Mom sees sons buzz cut on live TV link from Masada

It's hard for me to decide which was the greatest miracle.

Talking cell phone to cell phone from Oakland to Israel?

A live broadcast of a sunrise service from the top of Masada to an auditorium in Oakland?

The story of Masada?

How about mobilizing 185 teenagers at 2 a.m. to hike the snake path to the top of Masada, 1,300 feet above the Dead Sea so they could star in the closed-circuit telecast?

Or maybe the greatest miracle is that this wasn't even a first.

For the second year, the Jewish Federation of the Greater East Bay sponsored "Masada Live," a real-time broadcast last week from the site's ancient synagogue featuring the teens who are there on trips sponsored by the federation and Koret Foundation.

Masada, located on the western shore of the Dead Sea, has become a symbol of Israel and the survival of the Jewish people. It is the site where about 1,000 Jewish zealots reportedly fled in 66 C.E. when the Romans expelled the Jews from Jerusalem.

Believing they were the last surviving Jews, the zealots held out against the Roman siege for about seven years. When the Romans penetrated the fortress, all but a handful of the zealots reportedly chose suicide rather than returning to Jerusalem as Roman slaves.

My son was one of the teens on Masada. He had been in Israel for 4-1/2 weeks. This was our longest separation ever.

At the airport, I issued a final frenzy of advice. Use sunscreen. Drink a lot of water. Wear your hat. Remember to write. Or call.

Every few days he calls. I ask what he's doing. What he thinks of things. How he's feeling. What he likes best. What he likes least.

He answers with, "Nothin' much," "So-so," "Yeah, I guess so," or "I dunno." Only two pieces of solid information have come my way. The Western Wall, Jerusalem's holiest site for Jews, was smaller than he expected. And he got a buzz haircut.

I was hungry for a glimpse of Sammy.

So on Thursday of last week, I joined about 400 other parents, siblings, aunts, uncles and friends at Oakland's Samuel Merritt College Health Education Center to watch "Masada Live."

Ami Nahshon, executive vice president of the East Bay federation, talked cell phone to cell phone with the technicians on the top of Masada. The broadcast was about to begin.

He asked that parents be respectful, considerate and that they contain their excitement if they saw their child.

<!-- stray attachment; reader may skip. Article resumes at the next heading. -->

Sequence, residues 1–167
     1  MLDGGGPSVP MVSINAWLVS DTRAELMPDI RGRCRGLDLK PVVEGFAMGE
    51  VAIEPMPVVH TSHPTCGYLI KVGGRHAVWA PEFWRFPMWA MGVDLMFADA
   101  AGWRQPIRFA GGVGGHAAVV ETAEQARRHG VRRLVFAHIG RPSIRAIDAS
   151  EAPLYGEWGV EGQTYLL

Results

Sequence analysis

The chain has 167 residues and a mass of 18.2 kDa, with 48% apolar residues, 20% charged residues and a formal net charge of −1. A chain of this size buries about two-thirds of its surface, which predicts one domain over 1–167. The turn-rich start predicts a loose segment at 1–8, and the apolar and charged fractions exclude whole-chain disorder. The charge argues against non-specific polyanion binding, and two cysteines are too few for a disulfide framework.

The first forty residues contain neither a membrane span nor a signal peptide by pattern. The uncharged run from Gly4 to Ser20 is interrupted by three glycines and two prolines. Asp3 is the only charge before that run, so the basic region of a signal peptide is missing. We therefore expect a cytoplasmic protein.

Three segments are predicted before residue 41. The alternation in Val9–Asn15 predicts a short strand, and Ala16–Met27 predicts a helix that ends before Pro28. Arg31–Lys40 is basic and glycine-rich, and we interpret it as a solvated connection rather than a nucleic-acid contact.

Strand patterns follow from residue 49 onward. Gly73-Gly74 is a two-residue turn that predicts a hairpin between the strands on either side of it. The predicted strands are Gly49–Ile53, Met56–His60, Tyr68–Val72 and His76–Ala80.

Yeah, right.

As soon as the first stones of Masada appeared on the screen, there was a swell of voices. Chairs scraped, bodies shifted, people moved around vying for a better viewing position.

"Audio," someone called out. "Turn up the sound."

"Lights," several people said. "Turn off the lights."

"I assure you, the technicians who are running this also know how to work the light switches," Nahshon said.

When Nitzan Aviv, leader of the federation trip and director of the East Bay federation's Israel Center, began to talk, the lights went out, the sound came up and the picture was as clear and smooth as a movie. As the camera panned the crowd, kids mugged, blew kisses, mouthed, "I love you mom," and held up signs — "I miss my mom more than your kid misses you," and "Jocie Birthday Happy."

I stared at the screen looking for Sammy. I was afraid I wouldn't recognize him with his new haircut.

I didn't.

It wasn't until the camera swung back around and his face filled the screen that I realized the kid I had seen earlier was Sammy. He gave the camera a thumbs-up and then his signature grin.

The teens sang "Mah Tovu," "Oseh Shalom" and "Eli, Eli," with arms draped over each other's shoulders, swaying back and forth, and bouncing up and down. Some of the Oakland crowd joined in.

When Elisha Wolfin, one of the leaders of the Koret trip, asked the teens on Masada and those in Oakland to rise for the singing of "Hatikvah," Israel's national anthem, all mugging, sign holding and kiss blowing stopped.

Somewhere in cyberspace, across almost 8,000 miles, our voices joined.

After the sunrise service, a hoarse-voiced Yossi Cohen Meidan, Koret trip leader, talked to 12 teens there about their experience. Visiting the Western Wall was high on the spiritual scale. They seemed to be getting in touch with their Judaism in a new, profound way. They talked of the feeling of community among themselves — and with the Israeli teens they met on kibbutzim and in the army.

Joseph Tenenbaum, an Orinda teen, expected to find a more powerful variety of Judaism in Israel and worried that, as an American, he was less of a Jew. But he now realizes that they're all Jews, whether in Israel, America or anywhere else.

"I'm not going to say this often," said Noona Joseph, a Los Gatos teen who had been reluctant to go to Israel. "But I'm accepting the fact that my parents were totally right about this trip."

The youths were full of insights, advice and praise about the trip. They talked of self-discovery, newfound spirituality and having the most amazing experience of their lives.

"Israel is here for you," said Adam Brooks, a Walnut Creek teen. "If you can't find your Judaism anywhere else, you should come here. If you've found your Judaism, Israel will enhance it."

As the "Masada Live" program ended, the camera panned to the horizon. The sky turned yellow, red and orange as the sun rose over the Dead Sea.

I walked out of the conference center, just as the sky in Oakland was fading into silver. Soon the sun would set, the same sun that was rising over Masada.

Now that's a miracle.